Memory And Movies: What Films Can Teach Us About Memory (Mit Press)
Publish Date: 2015-08-07
Author: John Seamon
Attention: For textbook, access codes and supplements are not guaranteed with used items.
Arrives in 3-7 Business Days
How popular films from Memento to Slumdog Millionaire can help us understand how memory works.
In the movie Slumdog Millionaire, the childhood memories of a young game show contestant trigger his correct answers. In Memento, the amnesiac hero uses tattoos as memory aids. In Away from Her, an older woman suffering from dementia no longer remembers who her husband is. These are compelling films that tell affecting stories about the human condition. But what can these movies teach us about memory? In this book, John Seamon shows how examining the treatment of memory in popular movies can shed new light on how human memory works.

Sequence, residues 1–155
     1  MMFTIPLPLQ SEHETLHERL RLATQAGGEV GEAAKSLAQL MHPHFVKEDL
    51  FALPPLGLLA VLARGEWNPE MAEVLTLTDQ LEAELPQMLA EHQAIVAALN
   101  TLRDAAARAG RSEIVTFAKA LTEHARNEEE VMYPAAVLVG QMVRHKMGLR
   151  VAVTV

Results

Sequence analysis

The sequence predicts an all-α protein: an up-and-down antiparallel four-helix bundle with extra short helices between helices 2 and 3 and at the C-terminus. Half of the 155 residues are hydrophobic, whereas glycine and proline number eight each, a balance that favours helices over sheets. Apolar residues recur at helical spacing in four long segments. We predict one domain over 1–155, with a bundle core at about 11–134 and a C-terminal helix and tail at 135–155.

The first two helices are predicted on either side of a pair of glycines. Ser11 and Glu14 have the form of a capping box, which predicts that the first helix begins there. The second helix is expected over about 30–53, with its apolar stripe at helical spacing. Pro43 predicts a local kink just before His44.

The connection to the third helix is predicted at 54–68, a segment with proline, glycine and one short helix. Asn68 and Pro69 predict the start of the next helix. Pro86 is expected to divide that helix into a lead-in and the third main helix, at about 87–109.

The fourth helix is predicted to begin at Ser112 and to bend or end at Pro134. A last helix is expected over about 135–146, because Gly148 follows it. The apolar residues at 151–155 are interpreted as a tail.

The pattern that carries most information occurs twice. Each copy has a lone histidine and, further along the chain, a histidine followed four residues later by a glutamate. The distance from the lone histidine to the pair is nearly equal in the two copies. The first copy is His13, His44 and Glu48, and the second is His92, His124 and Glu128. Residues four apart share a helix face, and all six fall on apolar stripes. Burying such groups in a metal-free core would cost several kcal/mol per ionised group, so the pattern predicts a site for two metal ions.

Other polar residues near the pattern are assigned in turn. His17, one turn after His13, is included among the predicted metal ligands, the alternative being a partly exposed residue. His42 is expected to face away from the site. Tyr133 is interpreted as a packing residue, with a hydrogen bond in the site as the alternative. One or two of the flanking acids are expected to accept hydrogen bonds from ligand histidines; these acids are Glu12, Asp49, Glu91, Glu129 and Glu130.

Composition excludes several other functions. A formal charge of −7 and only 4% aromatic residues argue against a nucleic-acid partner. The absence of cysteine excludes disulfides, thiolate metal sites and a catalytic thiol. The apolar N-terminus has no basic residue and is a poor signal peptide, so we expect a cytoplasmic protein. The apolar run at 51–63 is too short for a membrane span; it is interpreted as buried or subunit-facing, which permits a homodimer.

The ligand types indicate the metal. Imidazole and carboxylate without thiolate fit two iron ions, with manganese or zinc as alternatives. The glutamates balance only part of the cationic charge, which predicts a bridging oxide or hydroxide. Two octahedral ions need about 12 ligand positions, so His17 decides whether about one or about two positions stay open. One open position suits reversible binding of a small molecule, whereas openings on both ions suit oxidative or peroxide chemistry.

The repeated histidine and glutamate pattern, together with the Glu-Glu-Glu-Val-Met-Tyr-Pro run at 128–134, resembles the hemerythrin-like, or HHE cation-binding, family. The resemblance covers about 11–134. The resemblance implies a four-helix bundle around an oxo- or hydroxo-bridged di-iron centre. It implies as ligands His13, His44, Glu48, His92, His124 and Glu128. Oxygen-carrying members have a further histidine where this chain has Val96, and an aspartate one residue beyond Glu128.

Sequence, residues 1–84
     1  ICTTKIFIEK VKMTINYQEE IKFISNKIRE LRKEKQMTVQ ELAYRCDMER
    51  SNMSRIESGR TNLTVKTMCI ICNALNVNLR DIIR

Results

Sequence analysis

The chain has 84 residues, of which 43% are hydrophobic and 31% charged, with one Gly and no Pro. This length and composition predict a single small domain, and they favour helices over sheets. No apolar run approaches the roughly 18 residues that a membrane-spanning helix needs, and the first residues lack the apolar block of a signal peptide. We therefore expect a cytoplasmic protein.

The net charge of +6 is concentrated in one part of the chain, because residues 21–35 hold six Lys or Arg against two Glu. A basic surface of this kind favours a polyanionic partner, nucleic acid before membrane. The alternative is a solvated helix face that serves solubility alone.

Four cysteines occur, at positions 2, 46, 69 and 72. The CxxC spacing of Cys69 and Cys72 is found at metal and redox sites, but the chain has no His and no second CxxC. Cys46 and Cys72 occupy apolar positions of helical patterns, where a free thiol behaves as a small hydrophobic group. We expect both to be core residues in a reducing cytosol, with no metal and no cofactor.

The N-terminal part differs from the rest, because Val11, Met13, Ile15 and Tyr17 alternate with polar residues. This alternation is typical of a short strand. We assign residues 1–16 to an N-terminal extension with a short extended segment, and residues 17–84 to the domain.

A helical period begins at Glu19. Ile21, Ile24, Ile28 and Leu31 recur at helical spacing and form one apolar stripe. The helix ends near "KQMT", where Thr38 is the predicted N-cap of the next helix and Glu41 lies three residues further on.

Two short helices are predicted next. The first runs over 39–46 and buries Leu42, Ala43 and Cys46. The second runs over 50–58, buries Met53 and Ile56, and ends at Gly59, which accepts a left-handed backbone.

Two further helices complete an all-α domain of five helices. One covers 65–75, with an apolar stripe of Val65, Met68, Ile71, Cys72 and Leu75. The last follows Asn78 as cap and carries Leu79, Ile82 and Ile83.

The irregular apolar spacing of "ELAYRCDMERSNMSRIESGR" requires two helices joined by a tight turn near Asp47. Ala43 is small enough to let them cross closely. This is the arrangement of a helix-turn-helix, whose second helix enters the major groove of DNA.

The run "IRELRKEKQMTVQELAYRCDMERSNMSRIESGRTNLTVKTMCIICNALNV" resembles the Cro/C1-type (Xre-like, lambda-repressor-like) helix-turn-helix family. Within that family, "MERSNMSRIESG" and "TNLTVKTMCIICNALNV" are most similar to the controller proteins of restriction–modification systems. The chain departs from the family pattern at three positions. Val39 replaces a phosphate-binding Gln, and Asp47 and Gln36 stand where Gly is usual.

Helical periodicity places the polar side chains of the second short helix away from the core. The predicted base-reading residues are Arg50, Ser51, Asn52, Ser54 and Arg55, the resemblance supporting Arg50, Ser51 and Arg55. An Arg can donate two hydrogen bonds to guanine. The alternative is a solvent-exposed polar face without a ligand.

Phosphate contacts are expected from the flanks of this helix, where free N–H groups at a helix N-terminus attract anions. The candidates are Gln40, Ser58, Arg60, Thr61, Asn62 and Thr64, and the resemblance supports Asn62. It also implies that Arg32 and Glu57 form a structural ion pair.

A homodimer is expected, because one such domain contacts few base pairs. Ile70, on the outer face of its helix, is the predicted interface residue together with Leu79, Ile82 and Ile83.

After explaining that memory is actually a diverse collection of independent systems, Seamon uses examples from movies to offer an accessible, nontechnical description of what science knows about memory function and dysfunction. In a series of lively encounters with numerous popular films, he draws on Life of Pi and Avatar, for example, to explain working memory, used for short-term retention. He describes the process of long-term memory with examples from such films as Cast Away and Groundhog Day; The Return of Martin Guerre, among other movies, informs his account of how we recognize people; the effect of emotion on autobiographical memory is illustrated by The Kite Runner, Titanic, and other films; movies including Born on the Fourth of July and Rachel Getting Married illustrate the complex pain of traumatic memories. Seamon shows us that movies rarely get amnesia right, often using strategically timed blows to the protagonist's head as a way to turn memory off and then on again (as in Desperately Seeking Susan). Finally, he uses movies including On Golden Pond and Amour to describe the memory loss that often accompanies aging, while highlighting effective ways to maintain memory function.